The Mountain West Conference continues to be crazy at the top. Five of nine teams have played four games, and four of those five are 2-2. New Mexico is alone at the top (3-0) with Colorado State (2-1) right behind them. And guess which teams play on Wednesday? It will be a chance for the Lobos to take a two game lead over everyone.
But power rankings aren't necessarily about standings. Two of the Lobos wins have come against Boise State and Fresno State, who combine for a 2-5 record in conference. What I'm worried about is how well teams are playing. The Lobos currently have the lead, but is that projected to hold?
If you aren't familiar with efficiency margins, read the beginning of this.
We'll start with the offense. Here are the points per possession each team is scoring, adjusted for strength of opponent (dashed line is national average).
Colorado State (No. 16 nationally) and Boise State (No. 25) have borderline elite offenses, and then the rest of the conference fits into the 'good' category until you get to Nevada, which is average. Fresno State (No. 255) has bee really bad.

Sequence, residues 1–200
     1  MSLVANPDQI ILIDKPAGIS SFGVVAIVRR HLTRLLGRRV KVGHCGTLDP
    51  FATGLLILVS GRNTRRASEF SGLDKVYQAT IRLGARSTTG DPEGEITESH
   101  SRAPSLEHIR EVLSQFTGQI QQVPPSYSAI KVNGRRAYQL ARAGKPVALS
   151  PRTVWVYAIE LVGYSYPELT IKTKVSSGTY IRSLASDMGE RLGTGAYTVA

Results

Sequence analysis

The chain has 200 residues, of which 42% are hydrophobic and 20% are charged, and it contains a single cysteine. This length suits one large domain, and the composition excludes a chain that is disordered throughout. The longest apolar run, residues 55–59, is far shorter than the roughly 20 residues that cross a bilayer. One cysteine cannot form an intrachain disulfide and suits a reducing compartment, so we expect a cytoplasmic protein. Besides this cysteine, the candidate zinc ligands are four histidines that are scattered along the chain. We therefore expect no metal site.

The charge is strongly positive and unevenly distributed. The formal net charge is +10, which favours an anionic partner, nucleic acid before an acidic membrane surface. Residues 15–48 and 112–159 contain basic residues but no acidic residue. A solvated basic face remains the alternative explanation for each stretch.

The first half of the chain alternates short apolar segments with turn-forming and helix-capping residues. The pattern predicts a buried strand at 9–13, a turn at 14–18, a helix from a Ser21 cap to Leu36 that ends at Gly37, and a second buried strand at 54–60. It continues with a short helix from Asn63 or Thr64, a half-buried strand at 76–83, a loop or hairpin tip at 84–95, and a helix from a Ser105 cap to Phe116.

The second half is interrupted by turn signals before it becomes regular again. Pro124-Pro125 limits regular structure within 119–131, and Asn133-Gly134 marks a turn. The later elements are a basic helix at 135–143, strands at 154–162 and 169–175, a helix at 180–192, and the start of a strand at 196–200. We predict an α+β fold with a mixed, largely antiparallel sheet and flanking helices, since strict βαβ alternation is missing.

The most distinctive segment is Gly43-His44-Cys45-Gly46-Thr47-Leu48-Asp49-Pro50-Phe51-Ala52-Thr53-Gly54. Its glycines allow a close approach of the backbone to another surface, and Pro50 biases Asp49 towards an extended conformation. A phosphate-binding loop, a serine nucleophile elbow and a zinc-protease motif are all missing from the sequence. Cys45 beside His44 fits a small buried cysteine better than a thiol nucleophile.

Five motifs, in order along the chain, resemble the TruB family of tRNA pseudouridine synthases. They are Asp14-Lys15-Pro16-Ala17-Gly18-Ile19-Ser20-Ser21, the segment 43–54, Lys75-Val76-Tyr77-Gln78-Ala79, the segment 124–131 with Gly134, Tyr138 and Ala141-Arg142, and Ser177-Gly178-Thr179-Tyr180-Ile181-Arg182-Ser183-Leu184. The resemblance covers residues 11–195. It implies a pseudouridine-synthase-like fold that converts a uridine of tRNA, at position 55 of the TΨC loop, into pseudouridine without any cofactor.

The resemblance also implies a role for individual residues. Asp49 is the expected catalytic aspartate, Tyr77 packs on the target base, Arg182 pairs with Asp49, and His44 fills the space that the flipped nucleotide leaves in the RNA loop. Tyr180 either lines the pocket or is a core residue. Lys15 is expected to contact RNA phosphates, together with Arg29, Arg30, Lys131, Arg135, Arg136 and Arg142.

How about the defenses?
You can see why New Mexico is 3-0. Their offense is in the middle of the conference, but their defense has been stout. They come in at No. 23 nationally, which is just behind Wyoming at No. 18. There are stepping stones up to Nevada and Air Force, who are both below the national average.
How does this become a power ranking? It’s simple – we just look to efficiency margins. Offense minus defense. If you are a good team you score more than your opponent, right? How much more is the question. Here's the chart:
The power at the top of the conference is remarkable. There are six teams who could legitimately win it. Should Colorado State win on the road vs New Mexico, then they'll be in the driver's seat. If not, overcoming a 2-game will be hard, but this is the MWC after all, and there aren't many games which can be taken lightly.